Although reactivation of latent HPV infection is a likely explanation for these findings, other possibilities exist, such as autoinoculation (e.g., from the anal mucosa or other anogenital tissue reservoirs of HPV). It should be noted that nonpenetrative sexual contact in virgins is associated with risk of genital HPV infection (45), and there are laboratory data that suggest that HPV can resist desiccation, making it possible for HPV to be transmitted through indirect contact (46). Thus, in theory, autoinoculation might occur through even routine activities related to personal hygiene (such as wiping when using the toilet), particularly in HIV-positive women who have high rates of anal HPV and a susceptibility to cervicovaginal HPV infection. In short, we cannot exclude autoinoculation as a source of cervicovaginal HPV infection in HIV-positive women. Despite this uncertainty, the clinical implications are straightforward. Results showing that detectable HPV infection can recur regardless of sexual activity raises the possibility that periodic cervical cancer screening by Pap smear and/or testing for cervical HPV DNA may be necessary for HIV-positive and other immune-compromised women, even among those who are currently negative for HPV DNA and in a long-term monogamous relationships or who are celibate.

An additional indication of the clinical significance of our HPV results was the similarity between the associations of CD4+/HIV RNA strata with both the natural history of SILs (i.e., prevalent and incident detection of SILs and the time to their clearance) and the natural history of HPV infection. These findings are in keeping with the causal relation between HPV and SILs. We could not, however, study progression to high-grade SILs because of the small number of such lesions in our study.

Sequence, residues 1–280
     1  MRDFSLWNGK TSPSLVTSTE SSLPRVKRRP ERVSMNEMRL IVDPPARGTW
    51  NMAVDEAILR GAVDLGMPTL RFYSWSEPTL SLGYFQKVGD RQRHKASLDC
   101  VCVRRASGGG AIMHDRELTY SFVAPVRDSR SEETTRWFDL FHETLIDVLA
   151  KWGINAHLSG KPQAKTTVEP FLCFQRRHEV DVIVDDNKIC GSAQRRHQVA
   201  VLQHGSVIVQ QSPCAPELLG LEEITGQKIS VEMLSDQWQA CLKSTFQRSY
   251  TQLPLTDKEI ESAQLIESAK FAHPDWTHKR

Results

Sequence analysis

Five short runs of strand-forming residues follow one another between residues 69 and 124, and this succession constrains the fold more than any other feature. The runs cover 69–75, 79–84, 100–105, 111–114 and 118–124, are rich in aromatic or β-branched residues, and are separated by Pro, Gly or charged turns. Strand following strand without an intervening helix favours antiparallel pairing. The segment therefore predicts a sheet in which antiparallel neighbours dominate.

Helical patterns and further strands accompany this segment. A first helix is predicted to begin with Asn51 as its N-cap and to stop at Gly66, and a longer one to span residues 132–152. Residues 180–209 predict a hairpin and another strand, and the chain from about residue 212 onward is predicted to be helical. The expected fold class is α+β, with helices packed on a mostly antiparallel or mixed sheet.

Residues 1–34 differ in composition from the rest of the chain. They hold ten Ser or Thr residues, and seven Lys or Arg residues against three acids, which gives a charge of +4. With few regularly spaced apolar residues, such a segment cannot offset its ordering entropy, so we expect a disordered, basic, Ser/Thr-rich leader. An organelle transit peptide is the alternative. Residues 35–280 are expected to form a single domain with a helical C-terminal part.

Our study has several additional limitations. The most important of these was the need to rely on patients' self-reported sexual behavior, which undoubtedly caused some degree of misclassification. That said, whether one is celibate or not is fairly straightforward, and it would have required gross misrepresentation by a number of subjects to account for the high rates of incident HPV detection among those who reported being sexually inactive.

Another important limitation was the lack of data regarding HIV viral load in cervical specimens. This lack of data is a concern because our findings might be interpreted as evidence against the hypothesis that HIV tat protein coactivates HPV in vivo (47—49). That is, if HIV had a direct biologic effect on HPV replication, we would not have expected the observed decline in the association between HIV RNA level and HPV infection as the CD4+ T-cell count declined. However, this issue is clouded by recent findings that HIV may be compartmentalized, as shown by at least moderate differences in the HIV viral load in blood and in cervical specimens (50,51). Consequently, future studies on similar cohorts should directly measure the HIV RNA levels in cervical specimens. These future studies could also help to determine whether cervical HIV RNA level has a greater association with HPV natural history than does plasma HIV RNA level and would provide insight into the importance of the local mucosal milieu as a factor in cervical neoplasia.

Although important questions remain, the data in this study, taken as a whole, add to a growing understanding of the relationship between HIV coinfection and HPV natural history. To summarize, our results suggest that the high rates of HPV infection in HIV-positive women may largely be accounted for by a very strong association of incident HPV detection with immune status, as characterized by the combination of CD4+ T-cell count and plasma HIV RNA level strata. When the CD4+ T-cell count is very low or the plasma HIV RNA level is very high, however, the other factor appears to be less biologically relevant. Furthermore, the source of incident HPV detection may vary. Greater susceptibility to the sexual transmission of HPV partly explains the high rates of incident HPV detection in HIV-positive women, but a large fraction of newly detected HPV may be unrelated to recent sexual activity. Whether this finding reflects the reactivation of latent cervical HPV or autoinoculation cannot be entirely determined from our results, but it is clear that immune status plays a major role, as shown by the strong association of CD4+ T-cell count with incident HPV detection in celibate women.